Chasing Social, Part 1

Posted by Amy Hatfield on June 20, 2013 in Business & Marketing Practices
This post is the first in a three-part series that considers how mobile is changing the way customers get information and why it's elevating social media’s relevance. Tomorrow’s installment will consider the pitfalls of social evangelism. The last post identifies new and emerging customers as a “tribe of getters.”

The thing is, I’m literally weary of learning one social networking tool, feeling some rhythm in using it, triggering some interaction with my audience, and then having to turn around and learn a new one. Most recently, I'm trying to figure out Reddit and Google+ and in a month I'll be figuring out something else that's picking up steam. 

What I want most is to give up the chase. I long to settle into a relationship, but social networking is like serial dating. So, until the rotation plays itself out and something emerges that proves sustainable and effective, here's a couple of ideas to help ease the burden and I've thrown in one example. 

1. Customize Your Message So It Lives In Several Formats. 

With social media and other interactive marketing tools, a business must give its audience what it wants, and deliver it how each group wants to receive it. 

So a single message can be shaped in a variety of ways:

  • Infograph
  • Press release
  • 140-character tweet
  • Graphically designed social asset (think postcard-style for Facebook)
  • 200-word blurb in a newsletter
  • Featured column in a trade magazine

These are only examples, any combination works based on audience demographics and your company’s unique analytics. Take Bisquick, for instance. You can make anything with the stuff, whether it’s a sweet, flaky top for a blackberry cobbler or a salty, doughy top for a chicken pot pie. You can also use it to make biscuits and pancakes. Bisquick is awesome and, for marketing purposes, it represents your story. It’s at the center and it’s always the same. But you can add this or add that, and tweak it just a bit and it takes on different forms.

The Bisquick Method: An Example

Let’s apply this idea of flexible messaging to a fictional archery shop we’ll pretend I own and operate. I’ll call my business “Hatfield’s We’re-better-than-the-McCoys Archery.” Like many of you, I run a big-buck contest to get people in the door, and then create a 30-second radio spot to promote the contest. Facebook promotes the contest too, likely to a different audience that didn’t catch the radio spot. I don’t have time to write social posts and a radio script because I’m trying to run my business, so I use pieces of the radio script to drive a series of Facebook posts promoting the event.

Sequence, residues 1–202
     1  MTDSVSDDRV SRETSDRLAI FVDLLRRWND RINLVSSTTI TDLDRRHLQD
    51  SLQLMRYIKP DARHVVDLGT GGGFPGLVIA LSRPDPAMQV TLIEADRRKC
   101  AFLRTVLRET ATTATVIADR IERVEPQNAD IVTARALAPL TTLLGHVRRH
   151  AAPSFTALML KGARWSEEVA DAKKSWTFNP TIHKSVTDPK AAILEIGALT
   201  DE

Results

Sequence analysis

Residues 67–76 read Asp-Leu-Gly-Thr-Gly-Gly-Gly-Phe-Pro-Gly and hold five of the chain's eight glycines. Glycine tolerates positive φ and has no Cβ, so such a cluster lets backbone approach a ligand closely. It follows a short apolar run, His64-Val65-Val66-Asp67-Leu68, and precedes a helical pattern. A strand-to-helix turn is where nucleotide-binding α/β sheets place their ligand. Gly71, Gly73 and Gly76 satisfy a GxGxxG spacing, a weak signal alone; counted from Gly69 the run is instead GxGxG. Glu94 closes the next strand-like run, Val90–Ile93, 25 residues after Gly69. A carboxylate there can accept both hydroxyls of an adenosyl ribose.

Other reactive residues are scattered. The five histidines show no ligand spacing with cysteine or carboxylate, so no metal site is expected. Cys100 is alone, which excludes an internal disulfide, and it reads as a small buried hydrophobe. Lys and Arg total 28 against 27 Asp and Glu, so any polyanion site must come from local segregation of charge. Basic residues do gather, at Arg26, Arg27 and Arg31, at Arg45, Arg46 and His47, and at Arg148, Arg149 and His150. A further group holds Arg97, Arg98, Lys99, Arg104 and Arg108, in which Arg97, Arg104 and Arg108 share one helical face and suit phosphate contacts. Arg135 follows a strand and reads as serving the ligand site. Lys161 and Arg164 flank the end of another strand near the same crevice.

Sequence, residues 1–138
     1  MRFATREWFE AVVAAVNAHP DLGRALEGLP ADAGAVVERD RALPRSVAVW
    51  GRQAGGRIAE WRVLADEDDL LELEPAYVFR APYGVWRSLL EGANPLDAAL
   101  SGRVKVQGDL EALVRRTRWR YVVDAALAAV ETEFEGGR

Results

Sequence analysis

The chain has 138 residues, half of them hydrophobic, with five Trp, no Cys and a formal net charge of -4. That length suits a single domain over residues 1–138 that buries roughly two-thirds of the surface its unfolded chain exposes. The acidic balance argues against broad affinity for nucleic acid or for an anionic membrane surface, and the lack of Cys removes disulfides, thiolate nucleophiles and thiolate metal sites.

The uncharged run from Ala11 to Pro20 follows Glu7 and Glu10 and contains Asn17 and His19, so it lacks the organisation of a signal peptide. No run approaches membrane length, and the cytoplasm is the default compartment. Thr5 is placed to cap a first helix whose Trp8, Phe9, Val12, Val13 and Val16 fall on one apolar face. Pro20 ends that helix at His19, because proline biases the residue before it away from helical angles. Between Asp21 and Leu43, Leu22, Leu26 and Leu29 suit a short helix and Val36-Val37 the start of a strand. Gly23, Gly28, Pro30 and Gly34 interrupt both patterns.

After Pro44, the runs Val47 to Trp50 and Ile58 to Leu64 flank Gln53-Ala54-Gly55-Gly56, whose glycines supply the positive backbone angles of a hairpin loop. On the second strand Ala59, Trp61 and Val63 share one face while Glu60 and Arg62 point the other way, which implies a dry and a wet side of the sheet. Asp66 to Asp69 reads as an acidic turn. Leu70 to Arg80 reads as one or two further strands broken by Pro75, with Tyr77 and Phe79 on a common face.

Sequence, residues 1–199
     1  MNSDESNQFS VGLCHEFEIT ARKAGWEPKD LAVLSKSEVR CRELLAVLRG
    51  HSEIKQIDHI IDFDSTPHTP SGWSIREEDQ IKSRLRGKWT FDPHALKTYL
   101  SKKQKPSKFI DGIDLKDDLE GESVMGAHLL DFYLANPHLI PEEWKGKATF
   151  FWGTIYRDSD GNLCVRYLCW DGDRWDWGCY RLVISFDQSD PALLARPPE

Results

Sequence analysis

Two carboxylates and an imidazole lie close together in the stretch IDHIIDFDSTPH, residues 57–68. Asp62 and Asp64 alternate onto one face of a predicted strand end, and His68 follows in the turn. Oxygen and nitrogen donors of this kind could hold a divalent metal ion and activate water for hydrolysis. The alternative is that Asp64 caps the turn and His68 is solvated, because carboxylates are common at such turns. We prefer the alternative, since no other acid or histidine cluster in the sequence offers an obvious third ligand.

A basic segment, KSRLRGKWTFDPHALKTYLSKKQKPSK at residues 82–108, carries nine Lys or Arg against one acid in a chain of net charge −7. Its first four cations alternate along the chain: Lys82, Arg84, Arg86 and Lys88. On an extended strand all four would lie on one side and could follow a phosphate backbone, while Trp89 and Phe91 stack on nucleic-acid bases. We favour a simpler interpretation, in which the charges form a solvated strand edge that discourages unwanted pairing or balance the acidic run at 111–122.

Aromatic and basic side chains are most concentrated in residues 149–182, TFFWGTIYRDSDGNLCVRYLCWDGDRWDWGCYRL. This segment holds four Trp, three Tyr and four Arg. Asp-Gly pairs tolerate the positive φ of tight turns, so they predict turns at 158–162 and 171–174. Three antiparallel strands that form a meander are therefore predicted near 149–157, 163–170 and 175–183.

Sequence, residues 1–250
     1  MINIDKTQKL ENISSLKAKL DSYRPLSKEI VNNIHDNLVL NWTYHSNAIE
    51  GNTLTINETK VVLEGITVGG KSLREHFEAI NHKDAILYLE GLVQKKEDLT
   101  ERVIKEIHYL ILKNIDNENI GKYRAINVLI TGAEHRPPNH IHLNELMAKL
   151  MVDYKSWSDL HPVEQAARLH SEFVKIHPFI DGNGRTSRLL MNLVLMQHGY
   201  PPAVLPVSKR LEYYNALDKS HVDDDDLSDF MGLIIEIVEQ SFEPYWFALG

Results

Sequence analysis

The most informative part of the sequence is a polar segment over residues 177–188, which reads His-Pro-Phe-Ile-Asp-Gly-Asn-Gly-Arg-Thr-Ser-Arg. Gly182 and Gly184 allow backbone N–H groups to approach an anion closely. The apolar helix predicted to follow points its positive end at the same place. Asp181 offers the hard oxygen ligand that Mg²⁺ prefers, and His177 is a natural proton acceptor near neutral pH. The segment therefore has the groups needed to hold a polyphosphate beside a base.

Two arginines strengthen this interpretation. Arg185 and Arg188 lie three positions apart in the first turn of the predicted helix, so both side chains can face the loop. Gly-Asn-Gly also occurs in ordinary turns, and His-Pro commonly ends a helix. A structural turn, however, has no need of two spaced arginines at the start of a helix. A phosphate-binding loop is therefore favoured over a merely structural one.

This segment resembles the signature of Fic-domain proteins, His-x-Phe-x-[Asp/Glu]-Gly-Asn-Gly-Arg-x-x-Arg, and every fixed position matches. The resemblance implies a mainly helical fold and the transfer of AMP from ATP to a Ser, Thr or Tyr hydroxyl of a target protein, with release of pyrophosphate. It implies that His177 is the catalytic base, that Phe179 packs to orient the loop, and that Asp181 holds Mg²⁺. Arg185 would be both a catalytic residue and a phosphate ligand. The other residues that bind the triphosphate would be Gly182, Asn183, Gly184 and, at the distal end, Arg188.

Despite all these promotions, I’ve only written the event information once, for the radio spot. And, yet, I’ve used it repeatedly through multiple publishing tools. The message centered on a big-buck contest and never changed. However, the way I delivered the message and the format I used was adjusted slightly to accommodate each messaging tool.

Flip Social On Its Head (Like Flipping a Bisquick Pancake)

This approach flips the social “chase” on its head. It puts the emphasis on message types rather than on tools – like Facebook and Twitter – and what to say on them. Companies usually know what they want to say already. It’s just a matter of saying it. And saying it often enough. Today, it may be Facebook, tomorrow it may be a social platform that doesn’t exist right now. It doesn’t matter. You have your message, you know you’ll distribute it in a variety of ways, long and short, in both written and graphic formats. You’ll use social networks, but you’ll use traditional advertising tools too. And you’ll treat each one like a PVC pipe. It’s what the pipe carries – message quality – that matters most.